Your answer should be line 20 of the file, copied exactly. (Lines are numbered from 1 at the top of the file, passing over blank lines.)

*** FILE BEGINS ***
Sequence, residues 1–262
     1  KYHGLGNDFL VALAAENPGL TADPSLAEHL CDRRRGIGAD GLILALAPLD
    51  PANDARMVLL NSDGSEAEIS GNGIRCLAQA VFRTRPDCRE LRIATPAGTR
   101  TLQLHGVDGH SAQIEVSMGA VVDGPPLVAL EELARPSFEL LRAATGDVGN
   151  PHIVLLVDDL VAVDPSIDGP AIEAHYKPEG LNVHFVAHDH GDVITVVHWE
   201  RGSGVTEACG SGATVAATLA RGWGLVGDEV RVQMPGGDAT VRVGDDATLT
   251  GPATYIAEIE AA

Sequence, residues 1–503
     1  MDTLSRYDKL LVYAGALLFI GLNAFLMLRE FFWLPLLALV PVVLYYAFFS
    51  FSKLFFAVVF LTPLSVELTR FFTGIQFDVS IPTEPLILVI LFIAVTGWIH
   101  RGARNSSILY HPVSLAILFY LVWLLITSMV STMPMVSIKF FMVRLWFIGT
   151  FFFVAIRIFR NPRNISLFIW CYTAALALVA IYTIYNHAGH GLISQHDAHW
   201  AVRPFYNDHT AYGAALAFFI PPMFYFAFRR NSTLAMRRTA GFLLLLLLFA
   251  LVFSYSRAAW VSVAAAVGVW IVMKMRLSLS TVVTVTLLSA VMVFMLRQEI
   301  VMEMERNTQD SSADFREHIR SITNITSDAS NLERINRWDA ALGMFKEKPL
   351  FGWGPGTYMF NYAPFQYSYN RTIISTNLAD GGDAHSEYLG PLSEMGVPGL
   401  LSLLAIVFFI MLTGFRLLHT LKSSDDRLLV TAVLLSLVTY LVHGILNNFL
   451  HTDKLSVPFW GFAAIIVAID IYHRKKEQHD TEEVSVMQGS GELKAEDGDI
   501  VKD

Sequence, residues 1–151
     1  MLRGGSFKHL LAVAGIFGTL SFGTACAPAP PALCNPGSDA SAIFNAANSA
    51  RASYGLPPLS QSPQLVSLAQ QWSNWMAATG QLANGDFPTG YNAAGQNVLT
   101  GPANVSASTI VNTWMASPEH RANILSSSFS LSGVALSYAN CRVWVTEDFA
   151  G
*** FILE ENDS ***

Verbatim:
Sequence, residues 1–151